Three Days in the Life of Onyx Brass

Its coming up to our 25th Birthday and over the last quarter of a century we’ve expended a lot of energy pushing forward the medium of the brass quintet from many angles including performing, commissioning, arranging, recording and teaching. So hopefully, when the time comes to hang up our instruments, the brass quintet as an ensemble will be in a far healthier state then when we started in 1993. To give a snap shot of our work towards this goal, below is a blog of three days in the life of Onyx Brass written by Andy, which hopefully will give you a small insight into our mission!

Friday 19th May

Day starts off with a few mentions across social media. It’s always nice to get some likes, retweets or shares but let’s be honest @OnyxBrass is not one of the go to social media sites. Maybe it’s the inherent reticence that all five of us possess however be it Twitter or Facebook we are out there all the same.


The reason for these mentions is the fact that Flux, a recording of works by composers associated with the Rambert Dance Company, has been released today. For this we recorded The Madness Industry by Cheryl Frances-Hoad. Five years ago we under took a tour for the Sheffield based Music in the Round series and as part of our programme we commissioned this piece. Cheryl since has become one of the five composing fellows for Rambert and the Flux celebrates the dance company’s 70th birthday.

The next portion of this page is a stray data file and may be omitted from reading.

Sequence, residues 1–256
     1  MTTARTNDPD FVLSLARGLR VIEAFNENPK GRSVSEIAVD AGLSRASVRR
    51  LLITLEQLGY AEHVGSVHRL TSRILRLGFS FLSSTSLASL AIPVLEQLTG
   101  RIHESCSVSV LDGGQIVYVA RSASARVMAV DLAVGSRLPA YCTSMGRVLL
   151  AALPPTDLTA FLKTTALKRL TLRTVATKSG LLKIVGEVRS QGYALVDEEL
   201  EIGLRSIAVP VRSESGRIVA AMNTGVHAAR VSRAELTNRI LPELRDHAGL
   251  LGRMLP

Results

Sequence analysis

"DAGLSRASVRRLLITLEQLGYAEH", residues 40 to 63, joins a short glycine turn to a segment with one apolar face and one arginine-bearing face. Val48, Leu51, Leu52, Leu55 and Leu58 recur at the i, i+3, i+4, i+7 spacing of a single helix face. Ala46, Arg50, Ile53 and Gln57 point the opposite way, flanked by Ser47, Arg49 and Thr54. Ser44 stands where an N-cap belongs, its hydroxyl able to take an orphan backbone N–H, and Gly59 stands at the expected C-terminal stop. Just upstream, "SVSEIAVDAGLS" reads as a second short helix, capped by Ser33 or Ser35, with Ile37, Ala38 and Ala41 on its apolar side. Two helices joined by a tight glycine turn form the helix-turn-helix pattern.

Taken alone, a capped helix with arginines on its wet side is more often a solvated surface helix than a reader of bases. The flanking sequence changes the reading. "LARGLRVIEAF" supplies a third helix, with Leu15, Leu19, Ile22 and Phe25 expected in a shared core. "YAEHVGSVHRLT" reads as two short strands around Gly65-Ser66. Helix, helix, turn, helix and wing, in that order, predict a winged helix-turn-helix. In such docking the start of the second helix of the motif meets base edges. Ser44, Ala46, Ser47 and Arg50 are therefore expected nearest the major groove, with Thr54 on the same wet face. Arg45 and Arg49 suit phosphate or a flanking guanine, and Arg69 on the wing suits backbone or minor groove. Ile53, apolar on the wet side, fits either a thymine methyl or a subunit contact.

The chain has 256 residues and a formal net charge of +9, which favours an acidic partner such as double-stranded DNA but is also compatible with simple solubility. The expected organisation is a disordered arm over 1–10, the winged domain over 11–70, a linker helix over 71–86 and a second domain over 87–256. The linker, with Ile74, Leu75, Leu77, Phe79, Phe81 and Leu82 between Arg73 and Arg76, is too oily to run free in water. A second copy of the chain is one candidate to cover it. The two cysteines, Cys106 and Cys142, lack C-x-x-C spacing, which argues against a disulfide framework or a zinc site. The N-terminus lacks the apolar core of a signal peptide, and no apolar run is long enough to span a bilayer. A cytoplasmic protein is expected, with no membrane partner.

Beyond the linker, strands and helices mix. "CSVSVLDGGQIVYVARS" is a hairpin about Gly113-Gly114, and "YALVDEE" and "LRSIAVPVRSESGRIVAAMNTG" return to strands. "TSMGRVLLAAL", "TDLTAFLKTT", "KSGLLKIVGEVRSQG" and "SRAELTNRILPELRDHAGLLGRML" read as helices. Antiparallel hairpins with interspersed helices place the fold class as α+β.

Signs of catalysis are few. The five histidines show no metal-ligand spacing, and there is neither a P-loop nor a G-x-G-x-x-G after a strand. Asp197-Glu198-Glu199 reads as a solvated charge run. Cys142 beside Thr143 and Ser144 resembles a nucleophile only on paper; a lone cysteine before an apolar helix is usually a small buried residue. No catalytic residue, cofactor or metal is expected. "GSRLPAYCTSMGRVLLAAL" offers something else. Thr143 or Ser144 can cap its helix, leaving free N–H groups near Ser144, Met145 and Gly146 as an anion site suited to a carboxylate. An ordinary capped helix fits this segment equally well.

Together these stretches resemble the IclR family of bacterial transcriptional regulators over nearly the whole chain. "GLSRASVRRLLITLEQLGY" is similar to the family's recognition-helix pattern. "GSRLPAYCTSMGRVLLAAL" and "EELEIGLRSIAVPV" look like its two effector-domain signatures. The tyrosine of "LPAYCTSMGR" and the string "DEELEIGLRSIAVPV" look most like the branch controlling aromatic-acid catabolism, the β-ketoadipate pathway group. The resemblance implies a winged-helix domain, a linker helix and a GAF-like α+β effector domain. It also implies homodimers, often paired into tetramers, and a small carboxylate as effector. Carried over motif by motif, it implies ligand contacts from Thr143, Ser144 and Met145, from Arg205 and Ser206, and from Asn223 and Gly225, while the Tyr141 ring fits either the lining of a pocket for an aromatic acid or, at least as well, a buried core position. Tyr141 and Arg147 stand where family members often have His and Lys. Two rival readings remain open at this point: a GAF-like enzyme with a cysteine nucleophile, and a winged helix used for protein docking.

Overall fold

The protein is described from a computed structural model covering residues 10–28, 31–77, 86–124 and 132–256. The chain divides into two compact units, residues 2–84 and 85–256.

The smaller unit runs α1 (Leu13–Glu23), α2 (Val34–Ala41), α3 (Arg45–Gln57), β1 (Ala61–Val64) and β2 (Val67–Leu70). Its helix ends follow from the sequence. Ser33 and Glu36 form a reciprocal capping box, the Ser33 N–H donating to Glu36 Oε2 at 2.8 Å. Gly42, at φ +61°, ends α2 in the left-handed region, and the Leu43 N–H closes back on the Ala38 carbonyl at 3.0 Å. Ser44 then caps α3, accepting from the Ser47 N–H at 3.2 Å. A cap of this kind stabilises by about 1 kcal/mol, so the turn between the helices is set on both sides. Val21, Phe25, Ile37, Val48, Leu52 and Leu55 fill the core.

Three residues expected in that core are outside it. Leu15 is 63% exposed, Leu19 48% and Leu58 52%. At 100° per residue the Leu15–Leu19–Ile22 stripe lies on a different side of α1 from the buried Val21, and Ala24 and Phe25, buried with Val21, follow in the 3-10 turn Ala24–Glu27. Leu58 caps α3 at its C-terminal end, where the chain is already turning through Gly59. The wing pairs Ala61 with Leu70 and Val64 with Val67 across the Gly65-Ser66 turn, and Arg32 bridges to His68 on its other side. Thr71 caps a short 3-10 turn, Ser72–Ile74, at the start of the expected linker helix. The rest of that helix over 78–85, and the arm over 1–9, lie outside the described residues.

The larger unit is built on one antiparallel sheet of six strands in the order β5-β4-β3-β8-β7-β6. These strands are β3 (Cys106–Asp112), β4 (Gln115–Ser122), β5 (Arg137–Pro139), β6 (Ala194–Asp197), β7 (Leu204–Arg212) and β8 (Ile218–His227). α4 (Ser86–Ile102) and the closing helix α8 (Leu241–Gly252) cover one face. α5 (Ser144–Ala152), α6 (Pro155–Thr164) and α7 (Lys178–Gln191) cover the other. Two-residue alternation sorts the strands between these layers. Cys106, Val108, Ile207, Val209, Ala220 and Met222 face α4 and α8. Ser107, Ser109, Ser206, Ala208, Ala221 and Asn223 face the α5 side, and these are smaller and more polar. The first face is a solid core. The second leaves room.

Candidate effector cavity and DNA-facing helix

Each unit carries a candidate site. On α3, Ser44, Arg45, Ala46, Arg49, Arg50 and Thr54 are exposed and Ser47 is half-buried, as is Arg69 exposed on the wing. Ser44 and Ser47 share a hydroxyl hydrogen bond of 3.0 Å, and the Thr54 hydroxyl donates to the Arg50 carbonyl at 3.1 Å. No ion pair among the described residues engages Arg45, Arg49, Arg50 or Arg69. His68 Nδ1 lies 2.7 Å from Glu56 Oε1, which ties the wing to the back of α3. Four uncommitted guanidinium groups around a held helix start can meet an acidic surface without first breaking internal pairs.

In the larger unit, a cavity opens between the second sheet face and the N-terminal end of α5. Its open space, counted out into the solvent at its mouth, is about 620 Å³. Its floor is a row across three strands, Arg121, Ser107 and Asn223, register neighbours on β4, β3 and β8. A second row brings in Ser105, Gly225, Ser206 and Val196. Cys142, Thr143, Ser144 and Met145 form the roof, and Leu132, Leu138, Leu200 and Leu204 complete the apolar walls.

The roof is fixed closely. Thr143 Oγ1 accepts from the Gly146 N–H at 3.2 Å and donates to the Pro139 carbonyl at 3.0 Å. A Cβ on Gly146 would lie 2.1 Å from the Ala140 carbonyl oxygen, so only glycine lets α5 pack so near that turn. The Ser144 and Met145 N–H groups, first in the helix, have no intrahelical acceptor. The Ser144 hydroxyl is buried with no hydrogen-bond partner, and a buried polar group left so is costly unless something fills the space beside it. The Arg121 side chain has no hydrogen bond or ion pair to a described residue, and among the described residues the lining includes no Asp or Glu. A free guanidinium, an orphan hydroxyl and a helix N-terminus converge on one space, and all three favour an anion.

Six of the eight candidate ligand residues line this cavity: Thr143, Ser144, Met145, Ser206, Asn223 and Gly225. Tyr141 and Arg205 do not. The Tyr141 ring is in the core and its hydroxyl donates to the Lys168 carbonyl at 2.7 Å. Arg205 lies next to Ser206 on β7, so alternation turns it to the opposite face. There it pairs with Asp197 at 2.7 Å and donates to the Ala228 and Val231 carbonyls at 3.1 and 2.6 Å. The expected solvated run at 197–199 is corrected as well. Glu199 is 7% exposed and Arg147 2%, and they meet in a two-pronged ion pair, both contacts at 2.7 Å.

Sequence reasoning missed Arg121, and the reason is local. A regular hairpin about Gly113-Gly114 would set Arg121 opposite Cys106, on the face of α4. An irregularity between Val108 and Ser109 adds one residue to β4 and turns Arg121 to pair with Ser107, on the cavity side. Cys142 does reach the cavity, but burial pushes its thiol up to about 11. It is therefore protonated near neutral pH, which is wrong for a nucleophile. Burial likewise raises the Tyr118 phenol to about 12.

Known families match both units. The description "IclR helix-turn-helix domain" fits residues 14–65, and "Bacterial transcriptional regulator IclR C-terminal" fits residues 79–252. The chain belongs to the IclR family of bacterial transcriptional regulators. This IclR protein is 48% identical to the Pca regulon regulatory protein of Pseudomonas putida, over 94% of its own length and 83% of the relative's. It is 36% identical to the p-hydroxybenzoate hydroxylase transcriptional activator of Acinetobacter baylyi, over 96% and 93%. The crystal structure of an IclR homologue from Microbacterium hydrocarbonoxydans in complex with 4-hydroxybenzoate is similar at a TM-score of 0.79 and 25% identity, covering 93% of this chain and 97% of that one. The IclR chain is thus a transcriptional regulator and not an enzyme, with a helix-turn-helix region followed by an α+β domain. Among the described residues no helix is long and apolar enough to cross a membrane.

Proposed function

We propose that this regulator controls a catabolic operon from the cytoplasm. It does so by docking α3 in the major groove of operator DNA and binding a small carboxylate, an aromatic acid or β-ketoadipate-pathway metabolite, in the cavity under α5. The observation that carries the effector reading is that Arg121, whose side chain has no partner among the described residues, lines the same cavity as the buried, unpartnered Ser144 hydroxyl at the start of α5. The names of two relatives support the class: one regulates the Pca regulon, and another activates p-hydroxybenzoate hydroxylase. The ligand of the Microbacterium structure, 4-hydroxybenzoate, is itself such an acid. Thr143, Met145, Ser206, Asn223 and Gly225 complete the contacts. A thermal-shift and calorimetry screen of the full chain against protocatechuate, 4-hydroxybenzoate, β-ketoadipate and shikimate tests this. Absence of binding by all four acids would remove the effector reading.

However, no time for ego burnishing, as I am teaching this morning at Eton College before rehearsals this afternoon for the Vale of Glamorgan Festival on Sunday. Here we will be performing the premiere of Sustained Clusters by Guto Pruderi Puw written especially for our visit. Also in Wales we are performing Two Cairns by Stuart MacRae (Onyx Commission) and Still Life by Joe Duddell (another Onyx commission) We are so lucky to have recruited the services of Pete Moore, a former winner of BBC Young Musician of the Year and current colleague of Niall at the London Symphony Orchestra to cover for Amos who isn’t able to be there. Also as Alan is our most recent member he doesn’t know some of the music either so we have to squeeze in this rehearsal inbetween our busy schedules. Thankfully the fact that Pete is a wonderful musician he slots into Amos’s chair effortlessly.

Rehearsal finished and time for a quick coffee before we all disappear and who should we meet but Amos who has just finished teaching at the RCM before he plays for Rambert (with Niall) at Sadlers Wells. Alan goes back to our rehearsal room to teach and Dave and I have the rare luxury of an evening off!


Saturday 20th May